In the standout gangster epics of Hollywood's golden era, singular actors like James Cagney played unforgettable individuals—not a few of them raging psychopaths—with a fervor that still made room for moral complexity. The battling brutes of this tale aren't meant to measure up to such illustrious antecedents; they're only offered as action cartoons. But Mr. Beall, a former LAPD cop, has written a script so devoid of feeling that the cartoons blur into thin line drawings, while what's been done with the marvelous Ms. Stone—i.e. next to nothing—is downright criminal. The director, Ruben Fleischer, previously worked with Ms. Stone and Jesse Eisenberg, among others, in "Zombieland," which was as light on its feet as this one is leaden. The unsung stars of "Gangster Squad" are the production designer, Maher Ahmad, the costume designer, Mary Zophres, and the cinematographer, Dion Beebe. They're the elegance squad.—J.M.
Before we get to the quartet in "Quartet," which is set in a comfortable English home for retired musicians, let me tell you about a duet performed by a couple of aged vaudevillians, with accompaniment from a geezer's muted trumpet. Their song, the golden oldie "Are You Havin' Any Fun?," comes out of nowhere, and provides a delightfully raffish interlude in an unexpectedly affecting comedy about people who, as one phrase of the lyric understates it, "ain't gonna live forever."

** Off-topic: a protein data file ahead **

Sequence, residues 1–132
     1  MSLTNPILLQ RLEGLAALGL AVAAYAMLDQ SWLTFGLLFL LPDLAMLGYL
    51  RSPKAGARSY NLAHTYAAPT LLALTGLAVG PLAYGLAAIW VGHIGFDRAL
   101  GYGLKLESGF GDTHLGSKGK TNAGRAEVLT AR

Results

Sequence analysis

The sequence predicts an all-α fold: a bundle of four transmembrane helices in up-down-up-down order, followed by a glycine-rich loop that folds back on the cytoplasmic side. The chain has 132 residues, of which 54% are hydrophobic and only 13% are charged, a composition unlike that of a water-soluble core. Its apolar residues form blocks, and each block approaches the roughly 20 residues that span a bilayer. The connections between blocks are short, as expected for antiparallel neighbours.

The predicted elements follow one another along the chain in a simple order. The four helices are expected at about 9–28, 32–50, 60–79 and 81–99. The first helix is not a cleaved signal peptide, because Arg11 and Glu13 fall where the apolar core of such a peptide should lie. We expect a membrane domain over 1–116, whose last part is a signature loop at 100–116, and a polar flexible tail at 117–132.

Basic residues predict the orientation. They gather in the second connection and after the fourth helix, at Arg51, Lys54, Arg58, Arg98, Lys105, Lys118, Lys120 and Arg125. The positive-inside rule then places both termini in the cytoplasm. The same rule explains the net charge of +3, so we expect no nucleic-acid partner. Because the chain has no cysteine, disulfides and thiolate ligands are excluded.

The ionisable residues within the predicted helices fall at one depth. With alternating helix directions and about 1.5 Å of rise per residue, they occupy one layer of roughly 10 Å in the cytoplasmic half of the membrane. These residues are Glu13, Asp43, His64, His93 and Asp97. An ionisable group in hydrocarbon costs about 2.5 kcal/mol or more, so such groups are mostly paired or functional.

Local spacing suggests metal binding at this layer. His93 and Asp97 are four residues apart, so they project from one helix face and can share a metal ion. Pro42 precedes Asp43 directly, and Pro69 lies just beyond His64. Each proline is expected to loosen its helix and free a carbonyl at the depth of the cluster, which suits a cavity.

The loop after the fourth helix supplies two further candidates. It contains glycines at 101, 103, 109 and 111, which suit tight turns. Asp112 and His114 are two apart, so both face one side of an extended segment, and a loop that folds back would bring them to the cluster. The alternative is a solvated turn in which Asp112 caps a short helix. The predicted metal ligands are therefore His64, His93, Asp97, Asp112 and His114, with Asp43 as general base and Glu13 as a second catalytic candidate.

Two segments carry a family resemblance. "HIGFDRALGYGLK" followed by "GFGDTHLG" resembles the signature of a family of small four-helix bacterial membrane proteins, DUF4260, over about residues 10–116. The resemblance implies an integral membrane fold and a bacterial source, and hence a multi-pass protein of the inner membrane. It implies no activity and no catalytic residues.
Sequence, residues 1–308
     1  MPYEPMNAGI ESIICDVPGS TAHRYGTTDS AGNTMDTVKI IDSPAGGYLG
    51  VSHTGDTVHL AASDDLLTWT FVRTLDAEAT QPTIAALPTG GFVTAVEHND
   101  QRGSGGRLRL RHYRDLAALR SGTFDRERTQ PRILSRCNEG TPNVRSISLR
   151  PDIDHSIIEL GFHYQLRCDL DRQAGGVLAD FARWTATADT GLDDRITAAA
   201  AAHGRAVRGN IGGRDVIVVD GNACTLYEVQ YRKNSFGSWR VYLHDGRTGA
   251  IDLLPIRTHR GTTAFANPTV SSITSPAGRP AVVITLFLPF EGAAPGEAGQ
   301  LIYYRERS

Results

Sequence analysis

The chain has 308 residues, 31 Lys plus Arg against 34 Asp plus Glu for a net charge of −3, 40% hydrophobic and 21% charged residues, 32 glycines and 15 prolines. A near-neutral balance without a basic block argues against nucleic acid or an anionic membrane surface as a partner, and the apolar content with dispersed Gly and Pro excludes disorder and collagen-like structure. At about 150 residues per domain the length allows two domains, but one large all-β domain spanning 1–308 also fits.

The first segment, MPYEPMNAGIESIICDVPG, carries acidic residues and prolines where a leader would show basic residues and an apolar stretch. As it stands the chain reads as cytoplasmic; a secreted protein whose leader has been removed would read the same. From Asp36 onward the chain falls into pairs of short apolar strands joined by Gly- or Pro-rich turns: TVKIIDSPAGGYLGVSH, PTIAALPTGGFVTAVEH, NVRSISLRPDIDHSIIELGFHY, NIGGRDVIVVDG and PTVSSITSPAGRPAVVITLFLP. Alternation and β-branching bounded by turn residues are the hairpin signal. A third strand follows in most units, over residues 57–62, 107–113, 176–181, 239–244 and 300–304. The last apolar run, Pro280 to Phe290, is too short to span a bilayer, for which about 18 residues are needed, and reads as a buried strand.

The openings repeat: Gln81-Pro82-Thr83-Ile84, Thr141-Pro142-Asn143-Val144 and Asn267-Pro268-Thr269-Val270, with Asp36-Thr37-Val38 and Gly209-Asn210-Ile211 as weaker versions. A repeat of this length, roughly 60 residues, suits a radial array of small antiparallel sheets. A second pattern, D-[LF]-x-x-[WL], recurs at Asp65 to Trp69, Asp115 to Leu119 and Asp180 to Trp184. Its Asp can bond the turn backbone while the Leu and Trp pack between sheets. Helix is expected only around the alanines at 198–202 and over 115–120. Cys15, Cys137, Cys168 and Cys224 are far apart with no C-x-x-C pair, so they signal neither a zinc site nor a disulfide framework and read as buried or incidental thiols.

How much fun you have in the early stretches of the film, which marks Dustin Hoffman's directorial debut, may depend on your tolerance for geriatric whimsy. (Ronald Harwood adapted his stage play to the screen.) Cissy, a dotty old dame played by Pauline Collins, is always amused, she says, when people say that old age isn't for sissies. Billy Connolly's Wilf keeps making suggestive remarks to a pretty resident doctor played by Sheridan Smith. Only later do we learn that Wilf's lechery is his stroke talking; a mild frontal-lobe episode has made it difficult for him to censor himself. But the story is soon enriched by Tom Courtenay's presence as Reg, who has taken up residence in the home out of concern for his old friend Wilf's well-being. Then things take a turn for the dramatic with the arrival of Reg's ex-wife Jean (Maggie Smith). She's there as a charity resident, after falling on hard times, but Reg, still wounded by betrayal and divorce, wishes she weren't there at all.